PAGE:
Looks good, doesn't it?
Well, it tastes like crap, and was a nightmare to prepare.
The problem all comes down to "food influencers". When you search for a recipe online these days, literally any recipe at all, all you get are hits from fancily designed cookie-cutter food blogs, where they bloviate for 5000 words about how the recipe they're shilling you reminds them of their childhood when their grammy used to make it for them, giving you no useful advice whatsoever on preparation tips or anything remotely practical like that, then once you scroll all the way down to the bottom of the article you get the recipe itself, which is often of highly questionable quality.
The disaster you see above is supposed to be a soda bread made with a mix of white and buckwheat flours. What it actually is, is pasty, dense and sickeningly flavorless. It doesn't have enough salt, the leavening didn't work well (despite rising quite a bit in the oven), the cooking time was absurdly underestimated, and the dough was so sticky that I had to add nearly an entire cup of flour on the bench to keep it from permanently entombing both my hands when I tried to knead it.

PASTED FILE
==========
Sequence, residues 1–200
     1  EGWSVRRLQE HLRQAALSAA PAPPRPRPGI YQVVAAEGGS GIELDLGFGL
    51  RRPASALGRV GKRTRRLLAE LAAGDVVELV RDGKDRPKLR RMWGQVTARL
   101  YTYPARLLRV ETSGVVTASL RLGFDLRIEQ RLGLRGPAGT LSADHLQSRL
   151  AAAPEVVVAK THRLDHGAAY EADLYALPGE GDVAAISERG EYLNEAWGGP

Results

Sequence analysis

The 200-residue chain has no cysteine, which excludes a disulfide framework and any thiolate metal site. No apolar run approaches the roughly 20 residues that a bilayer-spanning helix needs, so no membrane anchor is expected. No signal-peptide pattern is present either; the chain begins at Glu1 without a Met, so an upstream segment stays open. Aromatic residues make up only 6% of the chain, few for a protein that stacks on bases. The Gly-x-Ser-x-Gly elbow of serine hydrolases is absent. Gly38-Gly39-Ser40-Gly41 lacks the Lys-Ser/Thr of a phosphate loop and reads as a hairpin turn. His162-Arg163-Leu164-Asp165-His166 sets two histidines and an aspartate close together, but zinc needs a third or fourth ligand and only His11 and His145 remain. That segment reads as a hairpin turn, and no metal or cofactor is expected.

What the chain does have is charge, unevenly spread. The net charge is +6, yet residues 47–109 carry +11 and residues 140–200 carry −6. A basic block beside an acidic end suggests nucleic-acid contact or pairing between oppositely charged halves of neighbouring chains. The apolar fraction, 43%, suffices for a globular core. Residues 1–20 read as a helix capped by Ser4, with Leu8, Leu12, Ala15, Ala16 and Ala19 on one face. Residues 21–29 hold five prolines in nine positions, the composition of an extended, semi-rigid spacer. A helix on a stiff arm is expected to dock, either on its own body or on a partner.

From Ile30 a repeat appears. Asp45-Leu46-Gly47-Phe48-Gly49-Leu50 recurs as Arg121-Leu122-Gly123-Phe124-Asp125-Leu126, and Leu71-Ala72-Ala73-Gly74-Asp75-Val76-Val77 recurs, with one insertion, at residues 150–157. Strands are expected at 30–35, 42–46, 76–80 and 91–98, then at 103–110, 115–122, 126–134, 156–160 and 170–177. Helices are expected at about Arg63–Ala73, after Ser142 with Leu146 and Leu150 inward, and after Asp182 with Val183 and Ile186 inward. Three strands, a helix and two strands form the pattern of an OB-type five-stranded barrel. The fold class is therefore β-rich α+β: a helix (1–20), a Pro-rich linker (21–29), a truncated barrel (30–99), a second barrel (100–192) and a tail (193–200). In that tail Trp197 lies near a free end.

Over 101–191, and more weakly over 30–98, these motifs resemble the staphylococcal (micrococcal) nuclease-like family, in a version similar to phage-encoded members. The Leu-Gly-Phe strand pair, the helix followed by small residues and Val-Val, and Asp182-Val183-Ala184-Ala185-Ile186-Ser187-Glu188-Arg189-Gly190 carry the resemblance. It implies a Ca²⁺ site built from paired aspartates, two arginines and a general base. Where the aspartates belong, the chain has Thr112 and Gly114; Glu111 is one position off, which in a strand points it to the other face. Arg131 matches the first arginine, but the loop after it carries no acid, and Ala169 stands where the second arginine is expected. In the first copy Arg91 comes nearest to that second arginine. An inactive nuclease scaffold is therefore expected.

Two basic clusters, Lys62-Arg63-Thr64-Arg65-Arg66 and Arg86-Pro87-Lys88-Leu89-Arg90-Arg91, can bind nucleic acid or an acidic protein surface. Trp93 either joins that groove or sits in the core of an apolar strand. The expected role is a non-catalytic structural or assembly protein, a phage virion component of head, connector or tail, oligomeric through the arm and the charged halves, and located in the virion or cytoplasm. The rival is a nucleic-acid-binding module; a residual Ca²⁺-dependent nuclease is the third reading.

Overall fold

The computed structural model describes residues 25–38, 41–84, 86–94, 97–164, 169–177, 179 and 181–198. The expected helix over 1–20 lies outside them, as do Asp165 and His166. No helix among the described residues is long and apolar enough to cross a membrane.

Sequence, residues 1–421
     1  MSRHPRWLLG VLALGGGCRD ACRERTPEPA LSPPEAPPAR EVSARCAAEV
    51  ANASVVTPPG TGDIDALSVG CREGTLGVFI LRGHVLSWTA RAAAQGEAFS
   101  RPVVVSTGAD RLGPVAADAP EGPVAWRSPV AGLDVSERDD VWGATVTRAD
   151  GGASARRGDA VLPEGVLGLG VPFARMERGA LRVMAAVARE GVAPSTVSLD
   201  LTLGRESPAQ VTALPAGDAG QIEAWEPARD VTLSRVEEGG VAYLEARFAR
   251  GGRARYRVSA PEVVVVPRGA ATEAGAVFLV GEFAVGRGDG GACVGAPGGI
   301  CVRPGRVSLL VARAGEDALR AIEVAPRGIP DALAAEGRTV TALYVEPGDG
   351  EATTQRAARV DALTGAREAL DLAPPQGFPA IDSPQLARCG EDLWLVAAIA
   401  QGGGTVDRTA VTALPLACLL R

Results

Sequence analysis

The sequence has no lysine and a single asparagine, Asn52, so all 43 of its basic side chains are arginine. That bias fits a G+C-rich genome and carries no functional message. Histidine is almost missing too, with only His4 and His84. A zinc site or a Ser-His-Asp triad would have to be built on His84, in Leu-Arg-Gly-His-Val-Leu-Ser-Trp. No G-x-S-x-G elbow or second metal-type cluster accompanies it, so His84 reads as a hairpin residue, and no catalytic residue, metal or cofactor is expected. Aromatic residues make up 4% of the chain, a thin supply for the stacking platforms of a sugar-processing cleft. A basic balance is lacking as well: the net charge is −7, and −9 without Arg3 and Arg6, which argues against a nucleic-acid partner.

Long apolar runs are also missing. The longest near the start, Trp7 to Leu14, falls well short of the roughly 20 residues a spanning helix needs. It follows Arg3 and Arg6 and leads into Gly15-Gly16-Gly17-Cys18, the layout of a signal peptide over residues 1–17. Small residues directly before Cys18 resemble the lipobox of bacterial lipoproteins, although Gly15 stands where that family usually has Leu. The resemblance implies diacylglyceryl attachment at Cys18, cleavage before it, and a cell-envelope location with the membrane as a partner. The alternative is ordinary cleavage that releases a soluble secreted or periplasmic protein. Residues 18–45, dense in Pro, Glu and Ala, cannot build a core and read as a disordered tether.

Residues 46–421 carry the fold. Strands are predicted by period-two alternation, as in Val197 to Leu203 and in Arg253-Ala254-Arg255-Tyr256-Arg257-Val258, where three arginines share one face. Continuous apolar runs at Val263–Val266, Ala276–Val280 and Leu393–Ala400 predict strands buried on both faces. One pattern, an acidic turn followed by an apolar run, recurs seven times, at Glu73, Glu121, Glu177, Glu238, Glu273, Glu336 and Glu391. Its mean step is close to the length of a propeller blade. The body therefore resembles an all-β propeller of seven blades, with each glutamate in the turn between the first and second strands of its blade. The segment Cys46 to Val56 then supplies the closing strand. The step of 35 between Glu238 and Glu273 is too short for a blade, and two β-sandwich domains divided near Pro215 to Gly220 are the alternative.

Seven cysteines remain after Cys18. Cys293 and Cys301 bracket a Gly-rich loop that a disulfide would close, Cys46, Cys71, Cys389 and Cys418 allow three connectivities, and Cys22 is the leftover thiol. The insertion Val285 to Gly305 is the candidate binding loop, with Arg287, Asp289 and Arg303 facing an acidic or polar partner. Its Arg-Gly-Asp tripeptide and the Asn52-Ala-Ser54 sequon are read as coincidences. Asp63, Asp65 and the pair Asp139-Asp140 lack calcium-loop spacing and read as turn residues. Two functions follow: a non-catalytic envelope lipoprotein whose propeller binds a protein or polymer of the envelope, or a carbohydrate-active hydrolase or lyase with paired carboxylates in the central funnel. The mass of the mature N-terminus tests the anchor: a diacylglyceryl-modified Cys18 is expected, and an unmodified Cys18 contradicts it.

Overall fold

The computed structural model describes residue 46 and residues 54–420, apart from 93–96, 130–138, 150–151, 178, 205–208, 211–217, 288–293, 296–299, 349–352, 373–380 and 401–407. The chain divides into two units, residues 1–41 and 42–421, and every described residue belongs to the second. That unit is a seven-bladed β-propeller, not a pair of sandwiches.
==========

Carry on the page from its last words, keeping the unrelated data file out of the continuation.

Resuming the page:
So I try to find out what went wrong. Normal bread dough hydration is supposed to be around 62%. This recipe works out to 88%. That seems wrong, and matches my experience with the dough being unworkably sticky, but I look around at other recipes for soda bread and they're all suspiciously wet, even recipes from sites that should be reputable. What gives? I have literally no idea, because every food influencer out there is spending all their time barfing out family stories of holiday get togethers rather than researching what can (and will) go wrong with their recipes.
This is the first time in probably 10 years or more that I've had to throw out food, and it pisses me off that it's because of our collective dumbing down of society in pursuit of bullshit social media points.